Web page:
If those who are bewailing themselves over the fan cied wrongs and i nj u ries of women in this Nation, could only see things as they are, they would know, that, whatever remnants of a barbarous o r aristocratic age may remain i n our civil institutions, i n reference to the interests of women, i t is only because they are igno rant o f it, or do not use their influence to have them rec tified; for it is very certain that there is nothing reasonable which American women wo uld u n i te in asking, that would not readily be bestowed.
The preceding remarks, then, ill ustrate the position that the democratic institutions of this Country . . . tend to place woman in her true position in society, as having equal rights with the other sex; and that, in fact, they have secured to American women a lofty and fortunate posi tion, which, as yet, has been attained by the women of no other nation . . . .
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THE I M PORTANT TASK OF WOMEN
The success of democratic restitutions, as is conceded by all, depends upon the intellectual and moral character o f t h e mass o f t h e people. I f they a r e intelligent and virtu o us , demo cracy is a blessing; but i f they are ignorant and wicked, i t is only a curse, and as much more dreadful than any other form o f civil government, as a thousand tyrants are more to be dreaded than one. I t is equally con ceded, that the formation o f the moral and intellectual character o f the young is committed mainly to the female hand. The mother writes the character o f the future man; the sister bends the fibres that hereafter are the forest tree; the wife sways the heart, whose energies may turn for good or for evil the destinies of a nation. Let the women of a co untry be made virtuous and i ntelligent, and the men will certainly be the same. The proper edu cation o f a man decides the welfare of an individual; but educate a woman, and the interests of a whole family are secured.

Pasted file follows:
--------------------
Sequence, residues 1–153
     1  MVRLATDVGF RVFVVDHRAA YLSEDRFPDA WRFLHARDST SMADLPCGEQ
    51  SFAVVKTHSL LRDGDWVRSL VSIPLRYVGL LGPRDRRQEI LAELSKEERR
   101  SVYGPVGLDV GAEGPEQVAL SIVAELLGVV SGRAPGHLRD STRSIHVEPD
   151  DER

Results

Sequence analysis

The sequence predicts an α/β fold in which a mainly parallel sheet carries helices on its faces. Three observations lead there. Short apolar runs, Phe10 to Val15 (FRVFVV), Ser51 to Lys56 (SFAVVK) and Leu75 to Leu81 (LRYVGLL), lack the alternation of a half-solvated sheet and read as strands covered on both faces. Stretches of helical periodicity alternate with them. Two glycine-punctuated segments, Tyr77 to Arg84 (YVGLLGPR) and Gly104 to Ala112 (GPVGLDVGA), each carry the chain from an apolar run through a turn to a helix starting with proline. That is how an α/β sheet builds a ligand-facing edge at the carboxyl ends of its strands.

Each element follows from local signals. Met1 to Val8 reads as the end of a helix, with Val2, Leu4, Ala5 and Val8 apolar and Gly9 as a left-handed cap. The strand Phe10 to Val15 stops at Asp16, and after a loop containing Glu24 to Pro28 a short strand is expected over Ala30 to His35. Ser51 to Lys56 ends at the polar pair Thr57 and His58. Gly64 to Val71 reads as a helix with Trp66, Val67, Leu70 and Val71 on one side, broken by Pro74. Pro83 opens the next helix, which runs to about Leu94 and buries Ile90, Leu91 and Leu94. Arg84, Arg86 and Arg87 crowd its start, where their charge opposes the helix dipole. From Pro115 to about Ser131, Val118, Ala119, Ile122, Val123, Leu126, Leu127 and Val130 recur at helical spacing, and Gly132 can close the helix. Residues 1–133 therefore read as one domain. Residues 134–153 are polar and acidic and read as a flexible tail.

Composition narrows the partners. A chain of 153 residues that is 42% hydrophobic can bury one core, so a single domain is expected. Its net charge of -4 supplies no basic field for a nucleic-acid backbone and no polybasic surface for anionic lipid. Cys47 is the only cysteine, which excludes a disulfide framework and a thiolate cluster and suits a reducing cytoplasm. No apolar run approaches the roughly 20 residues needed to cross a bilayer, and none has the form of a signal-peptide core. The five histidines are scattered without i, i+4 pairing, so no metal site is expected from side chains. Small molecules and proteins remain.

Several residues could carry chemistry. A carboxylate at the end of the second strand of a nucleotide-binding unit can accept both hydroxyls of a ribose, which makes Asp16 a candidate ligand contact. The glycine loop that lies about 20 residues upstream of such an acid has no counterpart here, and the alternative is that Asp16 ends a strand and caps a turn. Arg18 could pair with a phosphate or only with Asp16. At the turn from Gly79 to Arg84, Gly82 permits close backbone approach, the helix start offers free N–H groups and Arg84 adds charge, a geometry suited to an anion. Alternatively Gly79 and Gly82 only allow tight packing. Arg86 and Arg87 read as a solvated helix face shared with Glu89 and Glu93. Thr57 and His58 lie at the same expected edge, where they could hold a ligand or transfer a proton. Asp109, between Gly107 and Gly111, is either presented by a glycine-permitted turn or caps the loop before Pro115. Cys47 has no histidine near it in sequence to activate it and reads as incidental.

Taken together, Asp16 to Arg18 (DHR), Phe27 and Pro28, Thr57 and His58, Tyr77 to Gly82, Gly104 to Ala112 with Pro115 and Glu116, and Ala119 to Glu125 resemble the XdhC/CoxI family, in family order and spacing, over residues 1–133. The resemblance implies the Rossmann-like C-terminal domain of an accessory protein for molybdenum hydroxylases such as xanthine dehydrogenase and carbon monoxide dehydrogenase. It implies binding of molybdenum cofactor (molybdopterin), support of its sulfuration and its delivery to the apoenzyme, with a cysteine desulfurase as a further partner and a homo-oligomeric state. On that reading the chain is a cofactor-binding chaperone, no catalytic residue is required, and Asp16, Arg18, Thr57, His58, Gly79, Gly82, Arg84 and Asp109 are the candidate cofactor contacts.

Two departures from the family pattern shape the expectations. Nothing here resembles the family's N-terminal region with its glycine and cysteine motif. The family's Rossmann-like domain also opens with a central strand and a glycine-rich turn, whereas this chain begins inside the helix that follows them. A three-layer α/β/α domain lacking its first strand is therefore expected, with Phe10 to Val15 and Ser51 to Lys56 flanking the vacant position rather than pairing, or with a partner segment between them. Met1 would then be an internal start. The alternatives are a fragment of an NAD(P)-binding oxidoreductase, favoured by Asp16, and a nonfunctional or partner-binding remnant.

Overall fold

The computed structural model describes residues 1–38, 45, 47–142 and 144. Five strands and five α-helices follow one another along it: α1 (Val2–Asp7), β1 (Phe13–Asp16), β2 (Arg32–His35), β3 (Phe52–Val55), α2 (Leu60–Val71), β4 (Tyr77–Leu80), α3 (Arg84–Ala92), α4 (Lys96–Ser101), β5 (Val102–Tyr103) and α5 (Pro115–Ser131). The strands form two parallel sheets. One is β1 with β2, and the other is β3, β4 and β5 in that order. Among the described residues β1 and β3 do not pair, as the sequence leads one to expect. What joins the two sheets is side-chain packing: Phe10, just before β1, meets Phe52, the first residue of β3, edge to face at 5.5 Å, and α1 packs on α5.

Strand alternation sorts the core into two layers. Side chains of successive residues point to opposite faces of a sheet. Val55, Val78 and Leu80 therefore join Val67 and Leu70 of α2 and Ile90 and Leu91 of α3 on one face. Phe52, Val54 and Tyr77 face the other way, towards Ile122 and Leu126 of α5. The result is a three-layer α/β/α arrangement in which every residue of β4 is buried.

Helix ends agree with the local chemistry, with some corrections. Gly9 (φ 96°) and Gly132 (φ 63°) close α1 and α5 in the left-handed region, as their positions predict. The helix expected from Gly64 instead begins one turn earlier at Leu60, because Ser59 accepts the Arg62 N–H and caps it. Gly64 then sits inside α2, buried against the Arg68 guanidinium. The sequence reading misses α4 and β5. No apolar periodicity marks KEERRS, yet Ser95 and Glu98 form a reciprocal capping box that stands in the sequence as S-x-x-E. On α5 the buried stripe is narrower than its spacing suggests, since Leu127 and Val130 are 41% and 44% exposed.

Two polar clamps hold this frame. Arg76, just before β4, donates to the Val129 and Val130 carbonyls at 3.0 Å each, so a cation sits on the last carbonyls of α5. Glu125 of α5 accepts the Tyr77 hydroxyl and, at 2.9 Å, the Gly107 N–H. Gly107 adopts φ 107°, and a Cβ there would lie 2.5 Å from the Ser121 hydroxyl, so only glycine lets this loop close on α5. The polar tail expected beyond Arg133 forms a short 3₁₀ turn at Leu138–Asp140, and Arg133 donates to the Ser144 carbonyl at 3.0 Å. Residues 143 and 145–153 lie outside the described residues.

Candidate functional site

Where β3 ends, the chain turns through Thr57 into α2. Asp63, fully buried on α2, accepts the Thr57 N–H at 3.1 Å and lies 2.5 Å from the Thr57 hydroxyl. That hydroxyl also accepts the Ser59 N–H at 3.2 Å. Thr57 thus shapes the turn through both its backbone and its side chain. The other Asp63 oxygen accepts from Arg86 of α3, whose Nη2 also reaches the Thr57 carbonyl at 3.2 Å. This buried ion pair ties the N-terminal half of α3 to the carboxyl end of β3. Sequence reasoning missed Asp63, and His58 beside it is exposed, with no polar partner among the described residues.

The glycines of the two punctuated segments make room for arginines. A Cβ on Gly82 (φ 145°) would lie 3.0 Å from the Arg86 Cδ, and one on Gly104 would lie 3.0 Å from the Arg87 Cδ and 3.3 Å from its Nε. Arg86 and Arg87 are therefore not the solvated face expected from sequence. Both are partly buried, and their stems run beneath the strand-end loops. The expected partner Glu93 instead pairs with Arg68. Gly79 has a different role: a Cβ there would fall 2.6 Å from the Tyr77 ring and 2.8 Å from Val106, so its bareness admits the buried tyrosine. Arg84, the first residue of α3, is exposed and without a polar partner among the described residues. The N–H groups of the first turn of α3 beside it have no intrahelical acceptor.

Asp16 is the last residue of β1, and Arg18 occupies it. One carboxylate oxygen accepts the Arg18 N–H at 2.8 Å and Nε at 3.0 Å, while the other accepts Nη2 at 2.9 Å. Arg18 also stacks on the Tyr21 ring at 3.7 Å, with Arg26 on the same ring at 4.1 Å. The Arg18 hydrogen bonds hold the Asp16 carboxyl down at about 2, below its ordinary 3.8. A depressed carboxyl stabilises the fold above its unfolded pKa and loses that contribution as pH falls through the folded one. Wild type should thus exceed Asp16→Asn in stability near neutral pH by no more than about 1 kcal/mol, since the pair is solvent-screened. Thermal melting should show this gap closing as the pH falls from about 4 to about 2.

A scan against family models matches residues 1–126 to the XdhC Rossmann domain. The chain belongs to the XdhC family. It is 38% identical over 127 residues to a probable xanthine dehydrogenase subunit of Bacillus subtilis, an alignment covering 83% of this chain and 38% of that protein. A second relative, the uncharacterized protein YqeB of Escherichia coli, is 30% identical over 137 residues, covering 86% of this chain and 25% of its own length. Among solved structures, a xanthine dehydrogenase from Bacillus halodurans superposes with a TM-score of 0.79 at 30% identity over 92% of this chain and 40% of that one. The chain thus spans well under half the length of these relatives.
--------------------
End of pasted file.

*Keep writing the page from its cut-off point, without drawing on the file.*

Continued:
If this be so, as none will deny, then to American women, more than to any others o n earth, is committed the exalted privilege of extending over the world those blessed i n fl uences, that are to renovate degraded man, and "clothe all climes with beauty."
N o American wo man, then, has any occasion for feeling that hers is an humble or insignificant lot.
V i e w p o i n t 2 5 B Women Hold a Degraded Status in